As I recall, Vanguard will also set up a regular withdrawal for you, even a SEPP withdrawal schedule by the 72T rules.

EZ. Least expensive. Automatic.

Now, go to Spain and lay on the beach.
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Re: Set it and forget it retirement
Old 03-05-2006, 10:44 AM   #17
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Re: Set it and forget it retirement

Hello Mugs!

I was going to be the "first" (really I was *, when my DW told me it was "time to go" (go here - go there - go everywhere) yesterday, when I read your initial post.

24 hours later, I see that the "advice" * I have to contribute to this issustrious "gang of reason" * is the same....

I split my (and my DF) portfolio between Vanguard and Fidelity. *Fidelity, since it is "required" of my respective work places, and Vanguard, since I've been with them "on my own" for the last 20+ years.

The important thing stated in all the posts (and I agree), is to not let your retirement decisions "to someone else". *As has been stated, it will "cost you" upwards of $20K per year to have somebody else tell you what to do. *Wouldnít it make more sense if "YOU" understand the "investment scheme" and save the $$$?

I have (over the last 25+ years), and have spent the time in the local colleges (macro/micro economics, global economics, investment theory <yes, even learning the Sharpe Ratio for investment performance analysis!>

I can't reveal the detail results, but I can tell you that it certainly made a difference in "where I was - where I am" from a financial perspective.

The only "advice" I would tell you is to "take charge", but do it carefully. *Don't jump into any new scenario unless you understand and accept what the results would be.

No, having your money in a retirement (e.g. tax deferred account) money market account may not seem "glamorous", but it's safer than "making the leap" without knowing what's on the "other side of the wall".

Peace!

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Re: Set it and forget it retirement
Old 03-07-2006, 09:58 PM   #18
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Re: Set it and forget it retirement

Thanks for the great question, Mugs!

I'm right behind you on the retirement track and want to set up a plan that takes minimum effort and allows me maximum play time! I own a couple of Vanguard funds myself for non-retirement money, and plan on moving my mish-mash of 401(k) accounts over to Vanguard before I retire.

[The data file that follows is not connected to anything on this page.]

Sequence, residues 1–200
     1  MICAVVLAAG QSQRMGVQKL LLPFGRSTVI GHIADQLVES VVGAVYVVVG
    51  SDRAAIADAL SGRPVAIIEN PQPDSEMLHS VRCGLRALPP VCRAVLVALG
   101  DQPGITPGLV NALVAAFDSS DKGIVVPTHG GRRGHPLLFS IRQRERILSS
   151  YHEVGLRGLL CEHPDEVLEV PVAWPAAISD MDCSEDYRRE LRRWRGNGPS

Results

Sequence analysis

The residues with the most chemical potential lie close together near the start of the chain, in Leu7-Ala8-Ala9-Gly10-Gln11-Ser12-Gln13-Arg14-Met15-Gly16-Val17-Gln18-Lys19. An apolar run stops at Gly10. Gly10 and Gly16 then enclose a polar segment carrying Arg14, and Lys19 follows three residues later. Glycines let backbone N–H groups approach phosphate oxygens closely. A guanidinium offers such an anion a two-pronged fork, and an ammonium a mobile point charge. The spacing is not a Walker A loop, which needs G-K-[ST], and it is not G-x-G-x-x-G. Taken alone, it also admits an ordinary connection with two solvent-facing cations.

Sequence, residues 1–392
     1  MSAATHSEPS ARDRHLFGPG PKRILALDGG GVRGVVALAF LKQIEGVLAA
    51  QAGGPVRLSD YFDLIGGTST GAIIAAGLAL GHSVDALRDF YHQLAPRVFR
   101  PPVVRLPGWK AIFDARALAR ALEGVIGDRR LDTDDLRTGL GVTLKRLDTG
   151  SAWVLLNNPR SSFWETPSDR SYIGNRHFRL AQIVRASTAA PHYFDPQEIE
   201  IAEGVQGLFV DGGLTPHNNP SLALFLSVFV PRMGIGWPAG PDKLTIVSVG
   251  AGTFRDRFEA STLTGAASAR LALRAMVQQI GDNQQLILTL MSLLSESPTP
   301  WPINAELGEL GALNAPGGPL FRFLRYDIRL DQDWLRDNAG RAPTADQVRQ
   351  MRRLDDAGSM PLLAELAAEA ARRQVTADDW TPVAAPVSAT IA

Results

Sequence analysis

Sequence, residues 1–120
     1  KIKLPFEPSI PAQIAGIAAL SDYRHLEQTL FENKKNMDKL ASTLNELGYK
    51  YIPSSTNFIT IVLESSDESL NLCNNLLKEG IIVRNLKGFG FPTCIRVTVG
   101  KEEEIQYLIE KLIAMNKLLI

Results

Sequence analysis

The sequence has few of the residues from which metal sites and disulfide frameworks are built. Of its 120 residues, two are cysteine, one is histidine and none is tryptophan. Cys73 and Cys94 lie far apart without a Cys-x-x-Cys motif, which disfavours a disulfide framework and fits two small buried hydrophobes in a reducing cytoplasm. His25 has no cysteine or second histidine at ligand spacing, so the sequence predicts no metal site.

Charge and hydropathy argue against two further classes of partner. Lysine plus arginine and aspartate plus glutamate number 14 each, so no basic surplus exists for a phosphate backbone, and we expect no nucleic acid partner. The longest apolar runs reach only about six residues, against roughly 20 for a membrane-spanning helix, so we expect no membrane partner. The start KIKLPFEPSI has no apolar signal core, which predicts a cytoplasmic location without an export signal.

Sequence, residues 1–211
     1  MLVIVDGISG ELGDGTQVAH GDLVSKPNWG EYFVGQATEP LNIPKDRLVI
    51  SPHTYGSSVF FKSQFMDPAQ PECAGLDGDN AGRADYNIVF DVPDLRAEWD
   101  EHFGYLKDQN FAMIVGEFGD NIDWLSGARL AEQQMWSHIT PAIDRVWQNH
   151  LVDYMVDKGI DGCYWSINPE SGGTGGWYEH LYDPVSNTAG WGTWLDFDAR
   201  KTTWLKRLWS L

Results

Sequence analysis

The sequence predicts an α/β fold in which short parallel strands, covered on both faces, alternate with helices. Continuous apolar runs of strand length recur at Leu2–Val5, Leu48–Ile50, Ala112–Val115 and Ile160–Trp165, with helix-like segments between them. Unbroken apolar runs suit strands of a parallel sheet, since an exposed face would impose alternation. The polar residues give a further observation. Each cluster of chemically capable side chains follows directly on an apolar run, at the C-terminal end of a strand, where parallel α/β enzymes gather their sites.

Does anyone think it would be wise to split the money among a few low-cost fund companies, instead of just one, to lower the risk?

I suppose that Vanguard is as sound as any other company. If they got into trouble it would probably mean that the whole market was on the ropes -- so owning more than one fund wouldn't matter anyway.

Thoughts, anyone?

Thanks,
Caroline
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Re: Set it and forget it retirement
Old 03-07-2006, 10:08 PM   #19
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Re: Set it and forget it retirement

Quote:
Does anyone think it would be wise to split the money among a few low-cost fund companies, instead of just one, to lower the risk?
C -

We discussed this in an old thread (Yrs to go..) and the consensus was your money will be safe at one institution. I believe Al posted the facts.
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Re: Set it and forget it retirement
Old 03-07-2006, 10:11 PM   #20
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Re: Set it and forget it retirement

Vanguard is basically shareholder owned, and even below that level, theoretically you own the underlying stocks and bonds in your funds.

This is sort of one of those 'nuclear war' scenarios. Should a company like vanguard suddenly become insolvent, maybe your portfolio isnt going to be your biggest problem.

Still, scandals come and go. If I were going to list a hundred fund/investment companies that I thought would run into a scandal, vanguard wouldnt be one of them.